Cloning Neanderthals

According to an article from Fox News, cloning Neanderthals to create healthy, living specimens could become a reality 944NqQ Of course years ago when Jurassic Park first came out, scientists were discussion the possible reality of cloning dinosaurs. Now, thanks to the incredible increase in computing power over the last few years, sequencing genomes for such a project is becoming a real possibility according to Archaeology Magazine.

Cloning is still an inexact science, however. Restoring the DNA of a specimen tens of thousands of years old faces the challenges of chemical changes, breakdown of the biological matter and a myriad of possible contaminants.

Even if those challenges can be overcome, the question still remains: Should this be done? If so, to what end? If Neanderthals were brought back, would they qualify for human rights? If there were colonies of them, how would they support themselves and their families? Would Geico be sued for hate speech or would they be the major employer for Neanderthal kind?

What do you think? Are Neanderthals close enough to us to be considered to have human rights? Would we have living vignettes in natural history museums? What effect would Neanderthal tribes have on our world today? On Religion and Creationism?

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  1. Jason said,

    February 11, 2010 at 3:46 pm

    I’m not sure doing it is a good idea. It might be an interesting technical challenge, but i’m not sure what good would come of doing it.

    Would they qualify for human rights ? Maybe, I guess it depends whether they are human beings or not. BTW, i’m concerned that you post the concept of “hate speech” seriously. But that is a seperate topic.

    What effect would it have on religion and “creationism” ? Who knows ? You seem to assume it would have no effect on the militant darwinian worldview. Why do you presume that ?


    • Mick said,

      February 12, 2010 at 9:04 pm

      What “militant darwinian worldview”? And how would cloning a Neanderthal possibly effect it?

      • Jason said,

        February 14, 2010 at 5:06 pm

        So Richard Dawkins, Daniel Dennet and others description of themselves (or actually I think Darwinian Fundamentalist was Dennet’s term, either way) is inaccurate ?

        How could it effect it ? I don’t know. It depends what they are like doesn’t it.


  2. MaryLynne said,

    February 12, 2010 at 2:41 pm

    How cool! Who cares, let’s do it!

    Realistically, if it can be done, it will eventually, given humanity’s record of less-than-thoughtful application of science and insatiable curiosity. It would answer so many questions about genetics, archeology, biology – so many fields. It would bring up even more questions, which is good – science thrives on questions.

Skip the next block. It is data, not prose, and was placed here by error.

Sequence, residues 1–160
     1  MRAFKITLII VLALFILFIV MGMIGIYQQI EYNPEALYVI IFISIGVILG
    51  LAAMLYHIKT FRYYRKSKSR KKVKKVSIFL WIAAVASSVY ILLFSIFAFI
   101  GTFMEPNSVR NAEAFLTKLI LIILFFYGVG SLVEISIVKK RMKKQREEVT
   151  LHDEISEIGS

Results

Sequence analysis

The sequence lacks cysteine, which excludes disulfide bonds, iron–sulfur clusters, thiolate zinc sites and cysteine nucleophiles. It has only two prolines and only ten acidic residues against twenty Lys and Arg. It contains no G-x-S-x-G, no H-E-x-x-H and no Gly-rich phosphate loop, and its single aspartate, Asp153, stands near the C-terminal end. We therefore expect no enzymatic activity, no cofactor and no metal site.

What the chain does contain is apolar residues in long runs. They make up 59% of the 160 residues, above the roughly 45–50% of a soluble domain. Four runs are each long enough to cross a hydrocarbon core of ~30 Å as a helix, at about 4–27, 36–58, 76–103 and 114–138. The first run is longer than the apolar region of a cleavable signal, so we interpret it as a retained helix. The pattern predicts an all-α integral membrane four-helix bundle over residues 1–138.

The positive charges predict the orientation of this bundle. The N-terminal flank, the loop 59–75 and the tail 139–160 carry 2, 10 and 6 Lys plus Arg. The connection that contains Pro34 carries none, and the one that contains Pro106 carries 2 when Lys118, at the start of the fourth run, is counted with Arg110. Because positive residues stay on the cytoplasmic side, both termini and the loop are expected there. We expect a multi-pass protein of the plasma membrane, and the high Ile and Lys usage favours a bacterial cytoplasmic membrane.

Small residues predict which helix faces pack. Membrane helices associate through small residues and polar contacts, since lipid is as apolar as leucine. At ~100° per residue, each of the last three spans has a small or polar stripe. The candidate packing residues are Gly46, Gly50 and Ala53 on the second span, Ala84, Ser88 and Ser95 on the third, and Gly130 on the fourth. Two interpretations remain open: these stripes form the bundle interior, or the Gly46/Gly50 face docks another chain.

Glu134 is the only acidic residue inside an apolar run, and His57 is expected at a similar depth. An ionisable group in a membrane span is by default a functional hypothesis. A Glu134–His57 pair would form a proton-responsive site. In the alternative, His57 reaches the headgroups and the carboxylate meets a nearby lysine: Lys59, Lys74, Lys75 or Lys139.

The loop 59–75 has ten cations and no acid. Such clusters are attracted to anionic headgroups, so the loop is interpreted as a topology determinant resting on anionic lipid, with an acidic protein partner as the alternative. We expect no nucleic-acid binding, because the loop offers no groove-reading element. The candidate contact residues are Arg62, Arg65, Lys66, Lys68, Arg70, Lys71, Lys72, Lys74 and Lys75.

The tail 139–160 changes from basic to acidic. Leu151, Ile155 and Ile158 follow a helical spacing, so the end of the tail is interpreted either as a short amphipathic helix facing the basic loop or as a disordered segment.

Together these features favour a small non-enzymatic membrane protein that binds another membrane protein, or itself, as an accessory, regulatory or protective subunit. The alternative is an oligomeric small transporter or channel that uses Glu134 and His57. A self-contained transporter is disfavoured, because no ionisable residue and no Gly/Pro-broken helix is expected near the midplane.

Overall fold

I bet after many lawsuits they would end up with civil rights. If someone can get charged with murder for causing an unwanted miscarriage and people are suing for custody of embryos, our concept of person will certainly include these guys. Maybe they will be considered aborigine/native people and given reservations.

    Jason – um, maybe because there is no such thing as a militant darwinian worldview? Now for biologists and other scientists, this would probably answer many questions about our ancestors and the fossil record. For people with a literal belief in the Bible, they would have to do some major apologetics to keep it from messing with their belief system.

    • Jason said,

      February 14, 2010 at 5:10 pm

      Sorry Mary, you’d be mistaken, there is such a thing, Daniel Dennet IIRC used the term “Darwinian Fundamentalist”, and it is typified by an a priori commitment to metaphysical naturalims. And who knows what the results would be ?

      I’m not sure why you assume that it would present a problem except in so far as you have a priori assumptions yourself about the outcome of such an experiment. Also the use of a term like “literal belief in the bible” usually denotes serious misunderstandings and ignorance of the biblical text.


  3. Mick said,

    February 12, 2010 at 9:06 pm

    I think that yes, a living H. neanderthalensis would almost certainly be considered human. It’d be an interesting legal debate, though.

  4. fred sander said,

    February 15, 2010 at 4:06 pm

    The creation of the monster by Dr. Frankenstein comes to mind.
    We do learn from that nearly 200 year old novel that the monster
    became violent when rejected by the humans he tried to approach.
    This was Mary Shelley’s way of suggesting that rejection at an early age, (the monster was about 18 months old) can be shattering. In her case we only know that her mother died when she was born and probably received good
    enough care to marry the poet Shelley and write this extraordinary book
    at around age 20.

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